Note on peel ply: We had not looked at putting peel ply on the part between lamination layers. It never occurred to me because I had never stopped any lamination in the middle before. Also, this part is actually being made in a female mold that we are working with right now. So there is PVA mold release. Peel ply would not be applicable in this case. On the final product
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Old 23-06-2022, 08:57   #5
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Re: Need input from epoxy experts

Polyester moulders will say as long as the glass remains ď green ď you can delay lamination and still get chemical bonding
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Old 23-06-2022, 09:05   #6
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Re: Need input from epoxy experts

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Originally Posted by goboatingnow View Post
Polyester moulders will say as long as the glass remains ď green ď you can delay lamination and still get chemical bonding
This isnít polyester. You can bond polyester forever if it stays exposed to air with no wax.

The question is about epoxy.
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Old 23-06-2022, 09:06   #7
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Re: Need input from epoxy experts

Last I heard ....to put epoxy over epoxy, you must sand it well if it hardens up, otherwise you need to laminate again while it's still tacky. ....?

Are there modern epoxies that dont need that?
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Old 23-06-2022, 09:11   #8
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Re: Need input from epoxy experts

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Last I heard ....to put epoxy over epoxy, you must sand it well if it hardens up, otherwise you need to laminate again while it's still tacky. ....?

Are there modern epoxies that dont need that?
This is absolutely correct. But if you can dig a fingernail in, it has not hardened up and can still be bonded to. That’s the test.

My question is: Is it better to go full wet on wet, or if it’s just as good to wait until the thing hardens, but you can still put a dent with your fingernail, to add another layer?
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Old 23-06-2022, 09:12   #9
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Re: Need input from epoxy experts

Amine blush wouldn't scare me too much as it's easy to scrub off. I'd be mostly concerned about whether the epoxy is still green enough to make a good chemical bond or if it will need sanding for a good mechanical bond (which still won't be as strong).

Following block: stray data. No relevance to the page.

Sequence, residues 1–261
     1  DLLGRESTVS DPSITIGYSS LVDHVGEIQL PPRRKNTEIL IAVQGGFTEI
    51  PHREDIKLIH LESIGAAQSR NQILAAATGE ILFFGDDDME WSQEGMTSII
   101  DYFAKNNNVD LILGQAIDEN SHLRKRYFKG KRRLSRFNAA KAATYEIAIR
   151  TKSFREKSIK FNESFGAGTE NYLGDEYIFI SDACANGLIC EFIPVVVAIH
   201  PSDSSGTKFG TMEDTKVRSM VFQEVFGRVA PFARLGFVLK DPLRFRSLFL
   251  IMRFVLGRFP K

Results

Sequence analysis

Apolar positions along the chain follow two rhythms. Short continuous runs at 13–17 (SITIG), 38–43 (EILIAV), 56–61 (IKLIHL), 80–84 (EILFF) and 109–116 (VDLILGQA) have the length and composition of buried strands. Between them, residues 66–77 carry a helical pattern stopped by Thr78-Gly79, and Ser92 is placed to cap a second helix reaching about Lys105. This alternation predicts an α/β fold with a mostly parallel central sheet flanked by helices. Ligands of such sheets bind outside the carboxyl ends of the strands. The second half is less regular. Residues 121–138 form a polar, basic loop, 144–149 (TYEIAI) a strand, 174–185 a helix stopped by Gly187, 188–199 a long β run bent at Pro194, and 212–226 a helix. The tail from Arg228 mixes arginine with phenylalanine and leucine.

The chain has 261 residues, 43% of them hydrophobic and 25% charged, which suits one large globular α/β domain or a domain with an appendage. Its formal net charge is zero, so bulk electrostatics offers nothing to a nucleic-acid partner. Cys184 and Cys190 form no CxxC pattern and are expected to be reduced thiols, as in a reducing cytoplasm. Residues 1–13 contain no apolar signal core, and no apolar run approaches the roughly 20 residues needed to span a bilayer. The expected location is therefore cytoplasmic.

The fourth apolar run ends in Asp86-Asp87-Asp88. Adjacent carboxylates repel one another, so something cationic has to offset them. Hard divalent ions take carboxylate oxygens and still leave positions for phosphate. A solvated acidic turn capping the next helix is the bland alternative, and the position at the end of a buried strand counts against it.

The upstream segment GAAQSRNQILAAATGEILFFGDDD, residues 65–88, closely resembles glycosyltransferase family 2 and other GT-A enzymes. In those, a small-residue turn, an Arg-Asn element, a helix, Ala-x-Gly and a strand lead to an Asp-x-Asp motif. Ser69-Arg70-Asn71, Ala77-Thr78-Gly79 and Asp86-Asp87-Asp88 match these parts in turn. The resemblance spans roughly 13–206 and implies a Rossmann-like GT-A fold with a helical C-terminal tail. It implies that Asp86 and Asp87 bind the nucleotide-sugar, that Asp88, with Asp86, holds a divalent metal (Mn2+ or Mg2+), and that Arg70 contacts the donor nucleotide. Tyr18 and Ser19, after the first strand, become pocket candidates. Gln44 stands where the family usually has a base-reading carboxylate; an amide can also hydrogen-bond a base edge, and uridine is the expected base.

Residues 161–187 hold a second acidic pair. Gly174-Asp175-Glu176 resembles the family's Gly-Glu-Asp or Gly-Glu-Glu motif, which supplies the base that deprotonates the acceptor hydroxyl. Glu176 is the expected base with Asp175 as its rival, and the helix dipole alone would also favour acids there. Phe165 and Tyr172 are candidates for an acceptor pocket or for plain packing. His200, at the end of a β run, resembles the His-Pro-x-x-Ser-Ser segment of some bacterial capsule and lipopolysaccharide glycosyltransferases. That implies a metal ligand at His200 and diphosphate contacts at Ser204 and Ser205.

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Old 23-06-2022, 09:19   #10
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Re: Need input from epoxy experts

Why not go straight to the horse's mouth?

Quote:
Stage 2: Gel—Initial epoxy cure
The epoxy mixture passes into an initial cure phase (also called “the green stage” in epoxy chemistry) when it begins to gel or “kick-off.” The epoxy is no longer workable and will progress from a tacky, gel consistency to the firmness of hard rubber, which you will be [sic] dent with your thumbnail.

Because the epoxy mixture is only partially cured, a new application of epoxy will still chemically link with it, so the surface may still be bonded to or recoated without special preparation. However, this ability diminishes as the mixture approaches its final cure.

Stage 2: Solid—Epoxy’s final cure
The epoxy’s chemical reaction is complete. The mixture has cured to a solid state and can be dry sanded and shaped. You should not be able to dent it with your thumbnail. At this point in epoxy chemistry, the product has reached about 90% of its ultimate strength, so clamps can be removed. It will continue to cure over the next several days at room temperature.

A new application of epoxy will no longer chemically link to it, so the surface of the epoxy must be properly prepared and sanded before recoating to achieve a good mechanical, secondary bond. See Surface Preparation